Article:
Tuesday, December 17, 2013

On moderate conservatives and the benefits of dictatorships: More on Friedman

A lot of the discussion about the modern Republican Party is about how it changed and how the moderates willing to compromise, rather than close the government and default for example, have disappeared. But the whole notion of ‘house-trained’ conservatives is a bit mythical in all fairness. If one reads the criticism of conservatives and business groups against Roosevelt there was a lot that would fit the modern Tea Party. And Conservatives like William Buckley Jr. were also pretty radical. There is this notion that conservatives used to be more rational and moderate in the past. But it is hard to agree once one looks at the record.

Think of Milton Friedman, which is seen by many as a moderate pro-market economist with libertarian tendencies, but when you actually look he had some praise for Franco, which is difficult to conciliate with any civilized notion of moderation. I thought it was well worth to provide the transcript of Friedman’s words on Franco and other right wing dictatorships, linked in my previous post. He said:
“I think, and this is a point, a conclusion I came to many years ago, after visits to Russia and Spain, that there is a very great difference that people don’t appreciate between a dictatorship and a totalitarian government. A totalitarian government like the Russian government wants to control every aspect of a man’s life. It has a positive desire to control him. A dictatorship, like Franco’s Spain or like the military government in Brazil, doesn’t want to control every aspect of a man’s life, but it just is going to prevent him from getting in their way. You can do what you want more or less, except when you cross the government. If you cross the government they will exercise arbitrary power in preventing you from doing it. They may put you in jail they may censor the book and so on. But there is a big difference in the feeling of individuals in those two countries; whether they feel like being at behest, that any one of their actions is at the behest of the government or not. Now in Russia, for example, if people talk to us critically they would look over their shoulder to see who is listening; you have none of that feeling if you go to a country like Spain or a country like Brazil. People spoke quite freely in criticism of the government, back and forth.”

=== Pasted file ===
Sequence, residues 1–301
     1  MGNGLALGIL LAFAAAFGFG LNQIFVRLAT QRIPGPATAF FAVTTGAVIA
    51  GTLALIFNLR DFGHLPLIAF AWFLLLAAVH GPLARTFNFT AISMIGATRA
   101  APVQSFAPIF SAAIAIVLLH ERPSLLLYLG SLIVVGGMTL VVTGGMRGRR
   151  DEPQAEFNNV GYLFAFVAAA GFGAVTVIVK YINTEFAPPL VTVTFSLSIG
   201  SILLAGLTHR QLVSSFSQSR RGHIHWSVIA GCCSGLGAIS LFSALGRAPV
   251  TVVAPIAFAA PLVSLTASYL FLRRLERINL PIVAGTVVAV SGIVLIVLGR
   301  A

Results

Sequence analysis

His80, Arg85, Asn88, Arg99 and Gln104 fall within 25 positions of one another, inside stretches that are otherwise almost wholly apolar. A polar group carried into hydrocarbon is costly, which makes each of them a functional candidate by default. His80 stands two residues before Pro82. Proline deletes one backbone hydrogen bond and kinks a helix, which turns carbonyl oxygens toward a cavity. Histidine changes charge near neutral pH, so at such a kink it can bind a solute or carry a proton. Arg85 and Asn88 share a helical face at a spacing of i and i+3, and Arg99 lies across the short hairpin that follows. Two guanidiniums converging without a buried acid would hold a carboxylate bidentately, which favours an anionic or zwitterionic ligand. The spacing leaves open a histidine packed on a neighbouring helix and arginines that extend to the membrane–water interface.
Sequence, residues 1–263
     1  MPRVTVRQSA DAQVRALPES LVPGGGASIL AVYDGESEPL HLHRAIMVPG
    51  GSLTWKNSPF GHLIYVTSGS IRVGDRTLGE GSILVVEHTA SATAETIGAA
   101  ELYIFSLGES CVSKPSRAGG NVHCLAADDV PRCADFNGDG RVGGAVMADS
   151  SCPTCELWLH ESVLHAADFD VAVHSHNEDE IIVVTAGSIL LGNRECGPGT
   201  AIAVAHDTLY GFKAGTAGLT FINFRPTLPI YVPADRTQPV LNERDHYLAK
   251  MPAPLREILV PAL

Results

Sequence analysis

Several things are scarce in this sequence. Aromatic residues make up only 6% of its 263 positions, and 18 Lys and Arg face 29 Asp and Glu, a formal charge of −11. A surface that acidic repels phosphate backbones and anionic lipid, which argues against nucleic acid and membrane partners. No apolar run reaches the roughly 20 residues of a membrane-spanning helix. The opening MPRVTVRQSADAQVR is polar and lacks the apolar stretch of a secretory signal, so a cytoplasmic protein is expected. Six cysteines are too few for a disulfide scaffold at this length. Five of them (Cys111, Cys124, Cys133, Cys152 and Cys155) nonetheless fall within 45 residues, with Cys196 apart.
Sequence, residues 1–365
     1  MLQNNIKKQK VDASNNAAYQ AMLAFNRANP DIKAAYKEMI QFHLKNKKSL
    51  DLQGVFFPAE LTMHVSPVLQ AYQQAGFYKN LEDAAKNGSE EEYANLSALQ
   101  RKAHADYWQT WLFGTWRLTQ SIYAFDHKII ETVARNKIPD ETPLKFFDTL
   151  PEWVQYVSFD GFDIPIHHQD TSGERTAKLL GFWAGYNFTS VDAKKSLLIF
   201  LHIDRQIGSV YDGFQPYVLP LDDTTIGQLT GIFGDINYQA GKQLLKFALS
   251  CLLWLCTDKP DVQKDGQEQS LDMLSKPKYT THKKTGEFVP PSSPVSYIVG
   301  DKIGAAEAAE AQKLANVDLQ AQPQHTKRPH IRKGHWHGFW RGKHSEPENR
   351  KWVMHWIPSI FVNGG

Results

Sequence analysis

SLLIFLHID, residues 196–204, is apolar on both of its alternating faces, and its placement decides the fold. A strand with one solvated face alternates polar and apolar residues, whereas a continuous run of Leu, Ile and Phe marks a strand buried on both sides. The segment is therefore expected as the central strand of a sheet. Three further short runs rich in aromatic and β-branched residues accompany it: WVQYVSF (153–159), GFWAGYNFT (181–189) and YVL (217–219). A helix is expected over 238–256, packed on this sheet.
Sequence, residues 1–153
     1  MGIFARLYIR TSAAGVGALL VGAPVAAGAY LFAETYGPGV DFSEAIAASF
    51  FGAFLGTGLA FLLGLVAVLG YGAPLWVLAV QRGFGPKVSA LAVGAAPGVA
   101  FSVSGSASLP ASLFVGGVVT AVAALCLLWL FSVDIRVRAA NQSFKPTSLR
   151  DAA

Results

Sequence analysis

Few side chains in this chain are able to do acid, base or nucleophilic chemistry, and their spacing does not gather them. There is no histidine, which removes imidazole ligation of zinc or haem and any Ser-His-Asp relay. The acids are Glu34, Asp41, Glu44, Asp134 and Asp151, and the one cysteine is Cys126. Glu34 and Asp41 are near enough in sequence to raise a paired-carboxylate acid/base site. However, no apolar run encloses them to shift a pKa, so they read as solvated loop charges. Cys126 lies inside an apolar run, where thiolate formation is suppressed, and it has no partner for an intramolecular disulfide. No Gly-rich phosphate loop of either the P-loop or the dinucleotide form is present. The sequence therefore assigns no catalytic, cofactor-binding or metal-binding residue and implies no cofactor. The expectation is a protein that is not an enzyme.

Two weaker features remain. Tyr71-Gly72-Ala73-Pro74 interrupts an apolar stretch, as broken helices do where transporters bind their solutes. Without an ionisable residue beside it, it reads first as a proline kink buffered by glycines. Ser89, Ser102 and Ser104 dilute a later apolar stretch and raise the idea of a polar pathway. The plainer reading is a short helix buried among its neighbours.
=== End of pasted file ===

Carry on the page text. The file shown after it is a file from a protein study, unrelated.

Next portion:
Not as bold as Buckley’s veneration for Franco whom he called “an authentic national hero” (National Review, October 26, 1957), lauding the fascist for saving Spain from “the visionaries, ideologues, Marxists and nihilists” in charge (of a democratically elected government). Oh well, at least it is still true that "Generalísimo Franco is still dead!"

PS: Photo above is of Vladimir Herzog, who crossed the government in Brazil back in 1975. He should have looked over the shoulder I guess.

No comments:

Post a Comment

The Political Economy of the COVID-19 Crisis in Latin America

Following my talk on the same topic, on the same venue, now someone that might know a bit more about what's going on, particularly i...